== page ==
Common names: Red hailstone, Goldencreeper, Golden Creeper, Tuber Gourd, Wild Potato
Scientific name: Thladiantha dubia Bunge
Legal status: Prohibited Eradicate
All above and below ground parts of the plant must be destroyed. Additionally, no transportation, propagation, or sale of this plant is allowed. Failure to comply may result in an enforcement action by the county or local municipality.
Red hailstone is an attractive vine native to eastern Asia, southeastern Russia, northeastern China, and the Korean peninsula. Plant collectors began introducing red hailstone as an ornamental to European and North American gardens. Beginning in the 1930s, red hailstone was documented in a few states and Canadian provinces. The first documented occurrence in Minnesota was published in 1963 by a botany professor with Iowa State University. There were no new reports of this species in Minnesota until 2017. Since 2017, red hailstone has been documented in several counties.
- Red hailstone is an herbaceous perennial vine with separate male and female plants. To date, all plants reported in Minnesota are male, so there has not been reproduction by seed.
- Leaves are arranged alternately along stems. Curly tendrils are attached to the stem opposite leaves.
- Leaves are simple and heart shaped.
- Stems, leaves and leaf stalks are hairy.
- Flowering can occur from July to September. Flowers are yellow with five petals that fuse at the base to produce a tube. Male flowers have five short stamens (the pollen producing flower part). Female flowers have a three-part pistil, if pollinated, can mature into fruit.
- Vines die back to the ground each winter followed by rapid growth in the spring and summer. There are underground potato-like tubers that overwinter and sprout new growth in the spring.
- Both male and female plants are needed to produce fruits with seed. Fruits are oblong and up to 2 inches with brown seeds. Fruit color starts as green-yellow then matures to orange-red.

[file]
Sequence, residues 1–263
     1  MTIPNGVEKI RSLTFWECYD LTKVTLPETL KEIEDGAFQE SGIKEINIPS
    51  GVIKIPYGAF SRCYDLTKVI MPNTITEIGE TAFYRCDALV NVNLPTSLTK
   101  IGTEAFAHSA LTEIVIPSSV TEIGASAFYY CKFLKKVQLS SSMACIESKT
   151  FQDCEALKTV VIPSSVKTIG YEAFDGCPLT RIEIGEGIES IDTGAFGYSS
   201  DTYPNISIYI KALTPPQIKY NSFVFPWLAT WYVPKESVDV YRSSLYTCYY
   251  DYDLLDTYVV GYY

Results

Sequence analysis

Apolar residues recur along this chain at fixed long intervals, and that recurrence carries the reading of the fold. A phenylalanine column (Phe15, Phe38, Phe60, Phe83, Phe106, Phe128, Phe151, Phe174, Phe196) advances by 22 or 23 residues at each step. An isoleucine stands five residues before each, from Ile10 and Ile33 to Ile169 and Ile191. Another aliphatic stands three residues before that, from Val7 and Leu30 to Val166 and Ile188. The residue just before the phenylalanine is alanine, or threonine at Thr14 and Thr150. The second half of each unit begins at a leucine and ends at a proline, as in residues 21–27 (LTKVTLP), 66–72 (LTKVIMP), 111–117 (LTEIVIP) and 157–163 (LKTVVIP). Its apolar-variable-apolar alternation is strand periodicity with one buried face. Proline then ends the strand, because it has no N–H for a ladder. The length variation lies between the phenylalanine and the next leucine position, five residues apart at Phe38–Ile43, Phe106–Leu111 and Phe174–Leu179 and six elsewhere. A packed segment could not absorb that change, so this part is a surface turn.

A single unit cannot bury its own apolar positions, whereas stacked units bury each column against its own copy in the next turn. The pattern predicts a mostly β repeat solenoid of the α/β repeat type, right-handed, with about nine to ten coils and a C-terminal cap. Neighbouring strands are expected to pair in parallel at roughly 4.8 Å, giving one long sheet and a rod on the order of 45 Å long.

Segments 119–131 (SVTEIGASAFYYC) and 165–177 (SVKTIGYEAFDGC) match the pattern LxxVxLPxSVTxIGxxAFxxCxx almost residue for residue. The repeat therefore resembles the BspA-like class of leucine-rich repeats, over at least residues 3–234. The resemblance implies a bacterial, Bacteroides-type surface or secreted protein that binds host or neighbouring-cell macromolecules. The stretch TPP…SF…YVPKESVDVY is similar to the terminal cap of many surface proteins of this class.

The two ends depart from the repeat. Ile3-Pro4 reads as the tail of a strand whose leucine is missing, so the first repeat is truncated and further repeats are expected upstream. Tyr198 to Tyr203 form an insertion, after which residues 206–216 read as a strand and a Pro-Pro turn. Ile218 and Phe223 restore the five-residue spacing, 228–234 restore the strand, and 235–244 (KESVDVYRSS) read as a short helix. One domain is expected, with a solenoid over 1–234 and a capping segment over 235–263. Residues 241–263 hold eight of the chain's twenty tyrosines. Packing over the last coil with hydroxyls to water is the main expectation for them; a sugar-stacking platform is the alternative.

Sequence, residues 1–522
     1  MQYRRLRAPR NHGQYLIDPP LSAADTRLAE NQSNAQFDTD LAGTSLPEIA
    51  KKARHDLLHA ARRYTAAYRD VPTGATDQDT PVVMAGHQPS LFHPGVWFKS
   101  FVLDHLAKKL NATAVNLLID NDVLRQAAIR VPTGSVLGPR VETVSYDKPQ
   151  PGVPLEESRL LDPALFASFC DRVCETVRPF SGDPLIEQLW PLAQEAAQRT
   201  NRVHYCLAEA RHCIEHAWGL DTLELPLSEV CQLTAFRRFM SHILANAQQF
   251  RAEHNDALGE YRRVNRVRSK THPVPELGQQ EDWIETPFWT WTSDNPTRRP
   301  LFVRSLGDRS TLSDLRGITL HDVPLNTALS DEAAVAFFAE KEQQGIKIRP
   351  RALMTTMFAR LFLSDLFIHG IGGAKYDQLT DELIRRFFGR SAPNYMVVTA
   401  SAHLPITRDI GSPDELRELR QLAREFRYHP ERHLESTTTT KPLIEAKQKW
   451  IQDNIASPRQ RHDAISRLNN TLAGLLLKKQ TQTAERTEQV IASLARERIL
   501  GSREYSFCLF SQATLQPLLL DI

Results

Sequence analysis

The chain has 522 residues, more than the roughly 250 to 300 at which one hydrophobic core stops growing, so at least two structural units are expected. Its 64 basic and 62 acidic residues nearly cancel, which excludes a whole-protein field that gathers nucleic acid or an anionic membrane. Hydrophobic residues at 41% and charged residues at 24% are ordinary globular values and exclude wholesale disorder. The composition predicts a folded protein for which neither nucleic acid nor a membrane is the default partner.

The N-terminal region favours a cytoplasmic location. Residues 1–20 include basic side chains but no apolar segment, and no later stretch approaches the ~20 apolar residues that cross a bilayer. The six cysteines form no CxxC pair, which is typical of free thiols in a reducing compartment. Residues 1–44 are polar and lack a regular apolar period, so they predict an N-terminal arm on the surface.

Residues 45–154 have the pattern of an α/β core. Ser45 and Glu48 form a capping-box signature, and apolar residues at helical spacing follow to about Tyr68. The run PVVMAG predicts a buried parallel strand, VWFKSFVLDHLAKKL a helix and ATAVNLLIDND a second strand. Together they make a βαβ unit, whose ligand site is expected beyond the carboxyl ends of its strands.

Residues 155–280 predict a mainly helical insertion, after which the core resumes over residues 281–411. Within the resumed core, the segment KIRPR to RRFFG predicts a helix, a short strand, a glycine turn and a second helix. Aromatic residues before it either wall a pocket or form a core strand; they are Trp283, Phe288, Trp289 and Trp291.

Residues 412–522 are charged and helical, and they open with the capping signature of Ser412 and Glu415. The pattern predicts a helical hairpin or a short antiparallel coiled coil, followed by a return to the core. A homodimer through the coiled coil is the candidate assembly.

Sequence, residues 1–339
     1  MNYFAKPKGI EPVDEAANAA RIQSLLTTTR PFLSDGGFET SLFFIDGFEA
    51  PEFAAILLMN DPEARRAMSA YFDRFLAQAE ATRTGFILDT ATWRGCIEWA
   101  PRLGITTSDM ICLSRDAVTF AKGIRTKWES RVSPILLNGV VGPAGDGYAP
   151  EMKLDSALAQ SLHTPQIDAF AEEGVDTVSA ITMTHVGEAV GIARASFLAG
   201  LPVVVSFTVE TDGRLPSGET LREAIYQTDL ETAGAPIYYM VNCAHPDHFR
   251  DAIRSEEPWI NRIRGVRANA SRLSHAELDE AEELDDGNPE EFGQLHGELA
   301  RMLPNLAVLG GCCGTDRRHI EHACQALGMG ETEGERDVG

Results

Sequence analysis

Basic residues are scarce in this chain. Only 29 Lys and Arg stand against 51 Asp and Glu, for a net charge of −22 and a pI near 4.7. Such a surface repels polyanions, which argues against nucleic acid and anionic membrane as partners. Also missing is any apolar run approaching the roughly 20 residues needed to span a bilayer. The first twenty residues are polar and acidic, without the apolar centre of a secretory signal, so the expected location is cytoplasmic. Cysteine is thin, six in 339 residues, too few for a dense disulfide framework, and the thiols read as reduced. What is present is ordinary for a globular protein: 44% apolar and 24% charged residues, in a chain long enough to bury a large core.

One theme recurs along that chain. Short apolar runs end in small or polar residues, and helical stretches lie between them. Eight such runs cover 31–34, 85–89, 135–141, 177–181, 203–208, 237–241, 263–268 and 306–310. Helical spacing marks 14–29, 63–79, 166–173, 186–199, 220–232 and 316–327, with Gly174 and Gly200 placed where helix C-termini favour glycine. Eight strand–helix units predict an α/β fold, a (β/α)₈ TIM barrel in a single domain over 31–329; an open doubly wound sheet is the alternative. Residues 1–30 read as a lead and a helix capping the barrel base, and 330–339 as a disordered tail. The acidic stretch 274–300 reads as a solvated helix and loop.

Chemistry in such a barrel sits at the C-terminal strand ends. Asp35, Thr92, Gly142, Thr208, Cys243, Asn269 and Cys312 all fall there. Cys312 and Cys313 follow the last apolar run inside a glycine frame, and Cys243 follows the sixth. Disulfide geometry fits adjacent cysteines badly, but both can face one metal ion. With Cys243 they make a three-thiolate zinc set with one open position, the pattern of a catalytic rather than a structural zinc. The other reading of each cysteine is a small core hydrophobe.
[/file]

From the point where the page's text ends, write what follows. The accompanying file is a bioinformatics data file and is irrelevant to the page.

Vines grow over other vegetation in a wide range of habitats including natural areas, riparian areas, old fields, disturbed areas, transportation corridors, gardens, and crop fields. They can grow in light levels ranging from full sun to shade.
Means of spread and distribution
Both male and female plants are needed to reproduce sexually. Asexual reproduction is by tubers that form on underground stems. All plants found to date in Minnesota are male so there has not been reproduction by seed. Tubers float and can be moved along waterways. The largest infestation in Wisconsin is along the Big Green River.
Infestations are documented in Connecticut, Illinois, Massachusetts, Michigan, Minnesota, New Hampshire, New York, in the Canadian provinces of Manitoba, New Brunswick, Ontario, and Quebec. Escapes have also been documented in central and southeastern Europe and Japan.
Fast growing vines drape over other vegetation and can grow approximately 20 feet up into trees smothering the vegetation below them. At infestations in southwestern Wisconsin, vines have overgrown row crops and control by cultivation and registered agricultural herbicides were not effective.
Prevention and management
- Do not plant red hailstone.
- Once established, infestations are difficult to control because it is hard to kill all the underground tubers. Small infestations can be dug up. Repeated digging is necessary.
- Management recommendations are still in development. This species was not considered problematic until recently. The Renz Weed Science Lab at the University of Wisconsin Madison conducted an experiment for herbicide control. In summary, they recommended herbicide treatments with the active ingredient triclopyr in the summer and fall or a fall treatment with the active ingredient metsulfuron methyl.
- Persistence over multiple years is necessary to control established infestations.